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Gay marriage debate shines spotlight on little-known SC probate courts

The hottest debate in America has landed smack in the middle of what was the ladies underwear section of the old Belk department store building in downtown York – the home of York County Probate Court.

The probate court’s offices on East Liberty Street cover the old womens wear, kids clothes and – the best name ever in department stores that doesn’t exist anymore – notions. Notions was where the thread, thimbles, shoelaces and yarn were sold.

Notions, the department, died generations ago.

Notions of love and marriage did not die.

“I have had some calls from people wondering if anything had changed this week,” said Probate Judge Carolyn Rogers. “But not many. Media, mostly.”

Since Monday – when the U.S. Supreme Court refused to hear appeals from states where same-sex marriage bans had been ruled unconstitutional – Rogers has told everyone the same thing.

“We will continue to do exactly what we have been doing,” she said. “As a judge, my job is to uphold the law.”

The probate court in South Carolina is the only place that issues marriage licenses. Most of the probate judges in the state are not even lawyers. Their courts are best known for marrying people.

The York County Probate Court has always been a hotbed for marriage. For almost a century, the state’s marriage laws were far more lax than other states. No waiting was the rule until recent years.

More than 350,000 couples have gotten married in York over the past 100 years. Only Dillon County – with Interstate 95, nearby military bases and millions of tourists headed to and from the beaches – has had more.

But not a single, at least not yet, same-sex marriage license.

The state Supreme Court on Thursday ordered all probate judges not to issue same-sex marriage licenses until a pending federal court cases is resolved. That ended any speculation about what was being done, should be done, or will be done – for now.

York County hadn’t issued any licenses for same-sex marriages even before Thursday’s ruling. Rogers said that in her tenure since election in 2010, her staff has not received any applications for marriage from same-sex couples.

Probate judge is not a hot job in the election cycle. Rogers, a lawyer who before running for judge practiced the probate law that is handled in probate courts, is running unopposed in her bid to be re-elected in the November election in three weeks. She was unopposed last time, too.

The judge before that was unopposed and was probate judge for 16 years. And on and on before that.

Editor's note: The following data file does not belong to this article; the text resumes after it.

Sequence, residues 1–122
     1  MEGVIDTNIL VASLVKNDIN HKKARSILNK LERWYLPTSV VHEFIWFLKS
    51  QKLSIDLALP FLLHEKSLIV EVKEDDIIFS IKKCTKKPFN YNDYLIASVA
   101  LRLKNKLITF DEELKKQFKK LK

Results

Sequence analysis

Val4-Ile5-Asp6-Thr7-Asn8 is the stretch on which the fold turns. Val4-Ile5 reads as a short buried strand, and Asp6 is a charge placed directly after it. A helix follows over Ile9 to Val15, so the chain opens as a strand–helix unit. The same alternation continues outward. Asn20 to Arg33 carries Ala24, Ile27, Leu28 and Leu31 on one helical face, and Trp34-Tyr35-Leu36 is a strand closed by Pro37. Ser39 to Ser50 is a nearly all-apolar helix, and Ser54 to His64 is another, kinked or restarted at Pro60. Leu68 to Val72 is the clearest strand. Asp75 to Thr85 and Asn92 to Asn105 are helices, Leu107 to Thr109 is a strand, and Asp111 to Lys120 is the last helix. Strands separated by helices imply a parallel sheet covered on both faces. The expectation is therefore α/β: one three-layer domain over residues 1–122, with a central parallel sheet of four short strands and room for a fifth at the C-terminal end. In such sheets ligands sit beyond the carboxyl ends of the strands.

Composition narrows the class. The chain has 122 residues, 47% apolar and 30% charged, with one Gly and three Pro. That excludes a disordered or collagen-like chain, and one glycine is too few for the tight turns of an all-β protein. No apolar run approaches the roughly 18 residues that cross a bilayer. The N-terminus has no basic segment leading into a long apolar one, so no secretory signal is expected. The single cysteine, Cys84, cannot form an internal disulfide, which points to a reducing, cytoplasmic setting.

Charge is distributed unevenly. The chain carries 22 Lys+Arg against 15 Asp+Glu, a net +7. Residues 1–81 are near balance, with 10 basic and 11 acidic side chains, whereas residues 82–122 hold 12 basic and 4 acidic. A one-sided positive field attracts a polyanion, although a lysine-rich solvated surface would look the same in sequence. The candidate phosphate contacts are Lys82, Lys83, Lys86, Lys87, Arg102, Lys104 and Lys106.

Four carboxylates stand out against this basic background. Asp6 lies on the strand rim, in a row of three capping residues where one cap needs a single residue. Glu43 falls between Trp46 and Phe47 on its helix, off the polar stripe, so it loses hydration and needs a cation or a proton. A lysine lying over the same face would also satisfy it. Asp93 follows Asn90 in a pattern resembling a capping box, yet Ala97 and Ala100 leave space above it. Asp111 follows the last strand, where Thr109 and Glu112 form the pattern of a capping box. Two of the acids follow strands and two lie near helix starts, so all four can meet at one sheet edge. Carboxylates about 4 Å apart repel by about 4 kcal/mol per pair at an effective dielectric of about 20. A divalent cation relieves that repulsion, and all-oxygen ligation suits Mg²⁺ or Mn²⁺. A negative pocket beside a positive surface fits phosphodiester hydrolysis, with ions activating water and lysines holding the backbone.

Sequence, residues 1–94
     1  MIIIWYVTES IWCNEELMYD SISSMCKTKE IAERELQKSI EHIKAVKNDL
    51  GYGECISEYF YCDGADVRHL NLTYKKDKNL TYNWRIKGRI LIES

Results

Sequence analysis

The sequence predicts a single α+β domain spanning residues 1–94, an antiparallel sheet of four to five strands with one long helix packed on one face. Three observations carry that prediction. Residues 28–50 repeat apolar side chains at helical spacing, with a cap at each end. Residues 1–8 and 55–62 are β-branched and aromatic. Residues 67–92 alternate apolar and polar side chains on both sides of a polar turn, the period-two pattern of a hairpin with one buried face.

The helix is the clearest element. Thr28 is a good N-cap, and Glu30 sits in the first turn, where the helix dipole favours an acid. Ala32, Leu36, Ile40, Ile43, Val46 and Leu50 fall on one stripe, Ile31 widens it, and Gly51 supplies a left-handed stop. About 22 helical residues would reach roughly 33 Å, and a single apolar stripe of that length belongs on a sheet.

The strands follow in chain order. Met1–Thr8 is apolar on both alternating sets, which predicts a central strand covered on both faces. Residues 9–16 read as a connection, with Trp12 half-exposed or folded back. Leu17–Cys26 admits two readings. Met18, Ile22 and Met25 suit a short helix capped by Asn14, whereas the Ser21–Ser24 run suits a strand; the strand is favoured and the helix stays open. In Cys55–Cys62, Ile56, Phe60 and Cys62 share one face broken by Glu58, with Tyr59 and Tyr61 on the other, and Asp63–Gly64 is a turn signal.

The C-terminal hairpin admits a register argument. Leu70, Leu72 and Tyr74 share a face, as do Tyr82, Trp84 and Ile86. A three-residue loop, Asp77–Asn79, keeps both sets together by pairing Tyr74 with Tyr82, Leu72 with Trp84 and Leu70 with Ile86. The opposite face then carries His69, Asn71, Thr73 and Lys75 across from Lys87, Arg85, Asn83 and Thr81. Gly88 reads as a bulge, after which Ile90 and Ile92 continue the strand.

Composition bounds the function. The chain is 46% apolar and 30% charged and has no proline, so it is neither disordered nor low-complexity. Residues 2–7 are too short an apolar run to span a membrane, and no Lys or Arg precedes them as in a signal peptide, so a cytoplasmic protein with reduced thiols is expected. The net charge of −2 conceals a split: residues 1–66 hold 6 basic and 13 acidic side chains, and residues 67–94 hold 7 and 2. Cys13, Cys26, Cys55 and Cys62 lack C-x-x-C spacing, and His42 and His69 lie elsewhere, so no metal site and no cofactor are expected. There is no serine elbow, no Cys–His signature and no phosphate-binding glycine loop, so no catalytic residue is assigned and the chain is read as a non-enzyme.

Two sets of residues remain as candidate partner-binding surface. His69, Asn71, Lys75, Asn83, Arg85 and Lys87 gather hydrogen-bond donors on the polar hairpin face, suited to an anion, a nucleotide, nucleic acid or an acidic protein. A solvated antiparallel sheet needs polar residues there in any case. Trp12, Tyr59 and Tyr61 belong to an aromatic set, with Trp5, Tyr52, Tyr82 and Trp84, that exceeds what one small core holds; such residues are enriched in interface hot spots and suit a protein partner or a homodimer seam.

But that doesn’t mean that the Probate Court does not matter. It does. It is the only court where love is at the center of most of what happens.

The staff in the office, all women, were helpful and friendly and gracious to customers at the court offices on Thursday. The people who came in either were dealing with death – wills and estates – or that notion of life – marriage.

On Thursday, as the debate over same-sex marriage continued to enthrall and divide the country over what is supposedly right or wrong, godly or ungodly, sin or not sin, the office that legally certifies marriage was still about what marriage is about – love. There were no TV cameras, because there wasn’t any dispute.

A female soldier in uniform, on her lunch hour, walked into the Probate Court offices and asked what it took to get married. She had a tiny little boy in tow.

Another woman in uniform, a security guard, came in asking for a marriage license application. Nobody asked for a gay marriage form or a straight marriage form.

Combined, E. Gettys Nunn and Charles Nunn – father-son probate judges – were in charge of the York County Probate Court from 1930 to 1979. The “marryin’ Nunns,” as the judges were called, married so many people in the old days that they married people at their homes. Between those two Nunns, they married more than 100,000 couples.

And not a single one of those couples was same sex.

But the times, they seem to be changing.

South Carolina for decades had laws that forbade whites from marrying blacks or American Indians. Those laws died about 40 years ago, and the world did not end. In fact, the world got better.

It was clear those old laws were discriminatory and wrong.

It seems clear that, within weeks, the federal court ruling that bans on gay marriage are unconstitutional will be the law in South Carolina. Same-sex couples will be allowed to marry in South Carolina.

Some of those couples will walk into the old Belk building hand in hand and ask for an application. The helpful clerical staff who work for Judge Rogers will help them fill out the form and accept their $50 fee. The nervous couples will then get married, after a mandatory 24-hour waiting period.

Rogers does not marry people in her office, although she has the authority, but she does issue marriage licenses. She will do what the law says. If the highest courts in the nation say two men or two women can get married, Rogers will sign the form.

And the license will be issued right there in the old Belk ladies department – where the love between two people will be the only notion that matters.

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